Mayoral election: Zac Goldsmith pledges 50,000 homes a year

Zac Goldsmith at the Recorder office

Zac Goldsmith at the Recorder office - Credit: Archant

Conservative London Mayor candidate Zac Goldsmith has said housing “will define the next mayoralty” and has pledged to build 50,000 homes a year in the capital.

The MP for Richmond Park, in south-west London, called this his “top priority” and said he wants to “grow the transport network to enable us to solve the house crisis”.

The 41-year-old son of billionaire financier Sir James Goldsmith is the main rival to Labour’s Sadiq Khan in May’s election.

He told the Recorder: “I want to protect and build on what Boris has done, I think he has been a really successful Mayor, but that has come at a cost.

“People are being priced out of their own city. You could be on an average wage and you would struggle to buy your own home.”


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Mr Goldsmith believes supply is key and has promised to build 50,000 homes a year while in office.

“Capital is not the issue, look at the investment waiting to go into local authorities,” he said.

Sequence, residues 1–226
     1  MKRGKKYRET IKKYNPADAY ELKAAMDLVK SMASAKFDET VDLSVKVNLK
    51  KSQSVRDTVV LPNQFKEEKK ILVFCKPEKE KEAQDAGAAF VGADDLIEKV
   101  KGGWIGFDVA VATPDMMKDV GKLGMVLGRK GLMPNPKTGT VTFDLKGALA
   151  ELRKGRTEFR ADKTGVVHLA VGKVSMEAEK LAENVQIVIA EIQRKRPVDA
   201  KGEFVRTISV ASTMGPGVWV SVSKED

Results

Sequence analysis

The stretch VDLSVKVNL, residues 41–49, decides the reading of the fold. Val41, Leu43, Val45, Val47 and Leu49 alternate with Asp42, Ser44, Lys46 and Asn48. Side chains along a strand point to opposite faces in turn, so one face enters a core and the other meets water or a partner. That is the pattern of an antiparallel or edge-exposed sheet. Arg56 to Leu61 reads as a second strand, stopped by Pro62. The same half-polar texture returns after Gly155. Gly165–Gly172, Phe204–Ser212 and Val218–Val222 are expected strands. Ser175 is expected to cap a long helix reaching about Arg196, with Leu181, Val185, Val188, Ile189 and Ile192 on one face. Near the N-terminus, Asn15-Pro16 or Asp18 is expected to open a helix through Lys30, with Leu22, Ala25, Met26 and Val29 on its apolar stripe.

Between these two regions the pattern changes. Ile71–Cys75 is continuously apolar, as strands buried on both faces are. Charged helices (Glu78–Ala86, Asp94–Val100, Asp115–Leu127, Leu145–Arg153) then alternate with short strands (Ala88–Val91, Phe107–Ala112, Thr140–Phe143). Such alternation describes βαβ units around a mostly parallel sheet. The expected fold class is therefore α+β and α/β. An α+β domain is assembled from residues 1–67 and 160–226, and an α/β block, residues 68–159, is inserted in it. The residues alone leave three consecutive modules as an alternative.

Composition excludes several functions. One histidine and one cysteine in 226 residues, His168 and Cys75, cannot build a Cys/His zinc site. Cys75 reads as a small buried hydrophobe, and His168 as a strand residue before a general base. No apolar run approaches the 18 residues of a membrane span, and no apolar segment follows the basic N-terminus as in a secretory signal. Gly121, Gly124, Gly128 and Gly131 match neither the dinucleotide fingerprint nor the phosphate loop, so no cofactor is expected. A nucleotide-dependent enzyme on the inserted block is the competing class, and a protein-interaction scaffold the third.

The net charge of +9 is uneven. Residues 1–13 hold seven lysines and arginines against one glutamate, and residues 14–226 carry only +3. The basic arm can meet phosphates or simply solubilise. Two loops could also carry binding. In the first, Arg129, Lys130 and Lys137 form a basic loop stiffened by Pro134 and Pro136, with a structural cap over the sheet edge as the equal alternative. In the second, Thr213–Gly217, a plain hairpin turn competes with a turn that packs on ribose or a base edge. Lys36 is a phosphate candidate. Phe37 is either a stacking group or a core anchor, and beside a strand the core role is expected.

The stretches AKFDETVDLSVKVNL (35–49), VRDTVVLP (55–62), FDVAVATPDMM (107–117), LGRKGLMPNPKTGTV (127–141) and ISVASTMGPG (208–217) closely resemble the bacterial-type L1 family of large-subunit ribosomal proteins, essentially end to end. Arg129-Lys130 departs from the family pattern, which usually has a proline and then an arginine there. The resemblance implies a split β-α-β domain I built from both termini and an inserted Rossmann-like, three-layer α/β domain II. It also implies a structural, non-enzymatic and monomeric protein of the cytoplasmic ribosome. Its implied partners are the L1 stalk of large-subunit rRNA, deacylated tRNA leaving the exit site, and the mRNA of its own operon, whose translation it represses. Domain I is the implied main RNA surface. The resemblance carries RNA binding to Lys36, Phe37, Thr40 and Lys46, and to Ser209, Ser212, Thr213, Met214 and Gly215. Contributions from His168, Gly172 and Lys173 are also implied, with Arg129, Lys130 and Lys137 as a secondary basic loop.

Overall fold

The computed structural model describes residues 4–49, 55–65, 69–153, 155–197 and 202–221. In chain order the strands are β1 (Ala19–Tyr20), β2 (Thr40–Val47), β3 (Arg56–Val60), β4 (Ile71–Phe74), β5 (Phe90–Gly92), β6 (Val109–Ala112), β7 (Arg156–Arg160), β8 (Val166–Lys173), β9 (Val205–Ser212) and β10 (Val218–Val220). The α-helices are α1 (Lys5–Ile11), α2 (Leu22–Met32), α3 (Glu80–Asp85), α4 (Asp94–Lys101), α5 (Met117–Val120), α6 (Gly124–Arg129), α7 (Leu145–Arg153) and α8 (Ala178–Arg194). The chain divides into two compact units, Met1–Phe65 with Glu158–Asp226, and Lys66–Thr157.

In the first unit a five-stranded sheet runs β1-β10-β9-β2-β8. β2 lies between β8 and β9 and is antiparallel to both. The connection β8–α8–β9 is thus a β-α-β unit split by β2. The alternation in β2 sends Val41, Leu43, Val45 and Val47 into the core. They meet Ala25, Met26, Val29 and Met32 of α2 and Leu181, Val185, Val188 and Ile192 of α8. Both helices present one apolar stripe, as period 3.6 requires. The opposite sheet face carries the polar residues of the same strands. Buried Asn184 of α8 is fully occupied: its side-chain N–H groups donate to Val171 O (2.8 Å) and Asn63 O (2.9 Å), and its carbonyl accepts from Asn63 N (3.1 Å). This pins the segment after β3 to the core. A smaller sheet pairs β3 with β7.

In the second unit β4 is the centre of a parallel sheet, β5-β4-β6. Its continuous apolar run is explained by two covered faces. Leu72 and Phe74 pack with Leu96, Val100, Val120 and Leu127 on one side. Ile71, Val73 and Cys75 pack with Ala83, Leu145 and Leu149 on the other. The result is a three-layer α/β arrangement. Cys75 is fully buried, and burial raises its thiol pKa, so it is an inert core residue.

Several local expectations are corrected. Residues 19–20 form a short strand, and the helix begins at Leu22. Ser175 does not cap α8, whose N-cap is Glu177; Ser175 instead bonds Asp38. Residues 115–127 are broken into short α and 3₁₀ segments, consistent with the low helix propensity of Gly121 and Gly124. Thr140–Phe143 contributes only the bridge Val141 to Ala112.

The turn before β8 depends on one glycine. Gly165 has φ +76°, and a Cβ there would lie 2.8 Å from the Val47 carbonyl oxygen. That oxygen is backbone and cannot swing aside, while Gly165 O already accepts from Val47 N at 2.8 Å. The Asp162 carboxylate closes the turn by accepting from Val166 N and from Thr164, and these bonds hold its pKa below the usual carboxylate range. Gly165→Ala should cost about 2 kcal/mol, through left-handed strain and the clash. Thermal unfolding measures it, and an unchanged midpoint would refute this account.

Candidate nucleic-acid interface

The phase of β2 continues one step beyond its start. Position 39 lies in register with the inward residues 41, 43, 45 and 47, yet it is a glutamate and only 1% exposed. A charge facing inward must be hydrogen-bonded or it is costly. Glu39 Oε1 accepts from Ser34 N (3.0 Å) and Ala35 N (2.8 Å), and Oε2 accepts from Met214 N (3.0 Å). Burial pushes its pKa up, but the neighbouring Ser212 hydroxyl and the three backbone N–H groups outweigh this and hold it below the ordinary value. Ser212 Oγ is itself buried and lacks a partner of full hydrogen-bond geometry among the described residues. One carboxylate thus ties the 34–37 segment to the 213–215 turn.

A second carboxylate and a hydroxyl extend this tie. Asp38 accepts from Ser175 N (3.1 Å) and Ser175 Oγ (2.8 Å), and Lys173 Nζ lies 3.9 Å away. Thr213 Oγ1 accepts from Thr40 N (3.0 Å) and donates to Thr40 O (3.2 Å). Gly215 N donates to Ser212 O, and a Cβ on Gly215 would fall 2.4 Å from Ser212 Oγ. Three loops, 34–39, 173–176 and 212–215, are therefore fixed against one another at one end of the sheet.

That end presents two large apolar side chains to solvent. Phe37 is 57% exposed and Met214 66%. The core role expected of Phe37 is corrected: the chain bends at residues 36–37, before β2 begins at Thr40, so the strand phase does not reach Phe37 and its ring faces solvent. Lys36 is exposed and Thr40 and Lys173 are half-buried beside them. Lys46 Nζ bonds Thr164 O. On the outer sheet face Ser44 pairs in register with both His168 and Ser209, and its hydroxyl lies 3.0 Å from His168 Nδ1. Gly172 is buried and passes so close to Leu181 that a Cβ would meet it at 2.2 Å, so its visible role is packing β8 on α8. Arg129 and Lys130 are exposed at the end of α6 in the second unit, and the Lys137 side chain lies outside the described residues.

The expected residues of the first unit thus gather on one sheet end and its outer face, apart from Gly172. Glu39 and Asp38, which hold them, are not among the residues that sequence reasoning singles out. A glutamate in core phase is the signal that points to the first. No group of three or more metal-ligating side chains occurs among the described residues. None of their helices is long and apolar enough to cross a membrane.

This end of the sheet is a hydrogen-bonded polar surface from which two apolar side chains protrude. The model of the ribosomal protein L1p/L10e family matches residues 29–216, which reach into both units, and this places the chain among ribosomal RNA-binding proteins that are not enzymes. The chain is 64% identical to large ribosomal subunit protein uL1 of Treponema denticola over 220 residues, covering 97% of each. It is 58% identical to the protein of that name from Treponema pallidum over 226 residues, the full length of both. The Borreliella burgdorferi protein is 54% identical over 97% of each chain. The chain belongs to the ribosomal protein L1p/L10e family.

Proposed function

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“The political obstacle is the land and I would work with Transport for London to unlock brownfield sites and lobby the government to release that.”

He promised any homes built on mayoral land will only be sold to Londoners – people who have lived or worked in the capital for three years and do not own a home.

He assured voters there would be affordable options “due to increasing supply, with shared ownership, help-to-buy and starter homes”.

The Tory candidate, a keen environmentalist who grew up idolising David Attenborough, pledged to protect Newham’s green belt.

He has said he would resign his seat and trigger a by-election if Heathrow built a third runway.

“The environment is now a deep concern for people, not just protecting our green spaces, but improving air quality as pollution claims millions of lives,” he said.

Mr Goldsmith added that he would work to improve both the physical and mental health of Londoners.

“The Mayor has got a big public health brief,” he said.

“One of the big issues is to protect our green spaces and also deal with air quality.

“We have all the tools to clean up our air, I think we can solve that problem pretty quickly.

“A big remit relates to mental health. It comes into all parts of life.

“If we tackle that it will take some pressure off police time as well. I will work with the government provide a better strategy for mental health.”

Much has been made of the £200million fortune Mr Goldsmith inherited, but he disagreed that Mr Khan, the son of a London bus driver, would be more relatable and electable for Newham’s residents.

He said: “How would this be one of the most diverse cities on earth if you just elect a candidate who looks like you, you aren’t going to do that. I don’t think people make huge decisions like that, the same way they don’t make them based on politicians’ promises.”

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